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Immigration Law

CA2 on CAT, Honduras: Garcia-Aranda v. Garland

Garcia-Aranda v. Garland

"Karla Iveth Garcia-Aranda petitions for review of two decisions of the Board of Immigration Appeals (“BIA”) denying asylum, withholding of removal, and relief under the Convention Against Torture (“CAT”). Garcia-Aranda, a native and citizen of Honduras, testified before an Immigration Judge (“IJ”) that she and her family had been threatened, kidnapped, and beaten by members of the Mara 18 gang while a local Honduran police officer was present. Garcia-Aranda sought asylum and withholding of removal, arguing that the gang had persecuted her because she was a member of the Valerio family, which ran its own drug trafficking ring in Garcia-Aranda’s hometown. She also sought protection under CAT based on an asserted likelihood of future torture at the hands of the gang with the participation or acquiescence of the local Honduran police. Having reviewed both the IJ’s and the BIA’s opinions, we hold that the agency did not err in finding that Garcia-Aranda failed to satisfy her burden of proof for asylum and withholding of removal, but that the agency applied incorrect standards when adjudicating Garcia-Aranda’s CAT claim. Accordingly, the petition for review is DENIED IN PART and GRANTED IN PART, the decisions of the BIA are VACATED IN PART to the extent they denied Garcia-Aranda’s claim for CAT protection, and the case is REMANDED to the BIA for further proceedings consistent with this decision. ... Because of these legal errors, we grant the petition as to Garcia-Aranda’s claim for protection under CAT and vacate the BIA’s decisions regarding CAT protection. See Rafiq v. Gonzales, 468 F.3d 165, 166–67 (2d Cir. 2006) (remanding a CAT claim for proper application of Khouzam). On remand, we direct the agency to consider, in light of all testimony and documentary evidence, whether Garcia-Aranda will more likely than not be tortured by, or at the instigation of, or with the consent or acquiescence of, any public official (or other person) acting under color of law. As more fully described above, that means considering questions such as whether it is more likely than not that the gang will torture Garcia-Aranda, including meeting all the harm requirements for torture under section 1208.18(a), and whether it is more likely than not that local police acting under color of law will themselves participate in those likely gang actions or acquiesce in those likely gang actions. The BIA is also instructed to remand to the IJ for any additional factfinding that is necessary for the BIA to make its determination."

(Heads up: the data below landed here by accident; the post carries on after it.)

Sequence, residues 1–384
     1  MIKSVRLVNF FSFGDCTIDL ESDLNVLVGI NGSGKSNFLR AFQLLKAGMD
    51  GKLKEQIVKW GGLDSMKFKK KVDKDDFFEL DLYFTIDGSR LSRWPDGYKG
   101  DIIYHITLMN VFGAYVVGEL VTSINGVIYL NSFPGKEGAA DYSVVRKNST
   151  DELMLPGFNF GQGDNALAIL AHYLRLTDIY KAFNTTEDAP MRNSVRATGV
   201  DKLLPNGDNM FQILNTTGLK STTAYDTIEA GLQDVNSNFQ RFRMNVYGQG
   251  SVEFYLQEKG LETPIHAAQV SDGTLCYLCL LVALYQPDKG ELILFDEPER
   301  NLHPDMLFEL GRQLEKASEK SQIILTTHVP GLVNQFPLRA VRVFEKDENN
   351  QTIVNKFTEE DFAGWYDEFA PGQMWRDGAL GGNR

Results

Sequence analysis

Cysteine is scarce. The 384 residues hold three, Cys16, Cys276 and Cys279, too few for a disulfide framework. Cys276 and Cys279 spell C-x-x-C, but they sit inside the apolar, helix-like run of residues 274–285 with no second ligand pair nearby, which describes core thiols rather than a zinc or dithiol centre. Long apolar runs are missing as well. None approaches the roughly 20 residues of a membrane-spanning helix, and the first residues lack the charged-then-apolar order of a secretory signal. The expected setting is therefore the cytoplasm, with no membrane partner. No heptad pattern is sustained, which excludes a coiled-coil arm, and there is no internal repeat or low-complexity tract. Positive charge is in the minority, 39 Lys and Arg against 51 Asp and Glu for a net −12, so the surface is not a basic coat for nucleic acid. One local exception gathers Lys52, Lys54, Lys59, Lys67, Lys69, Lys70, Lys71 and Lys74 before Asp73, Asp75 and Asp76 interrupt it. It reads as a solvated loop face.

[NOTE: This PFR was filed in 2018!  Hats off to Heather Axford and team!]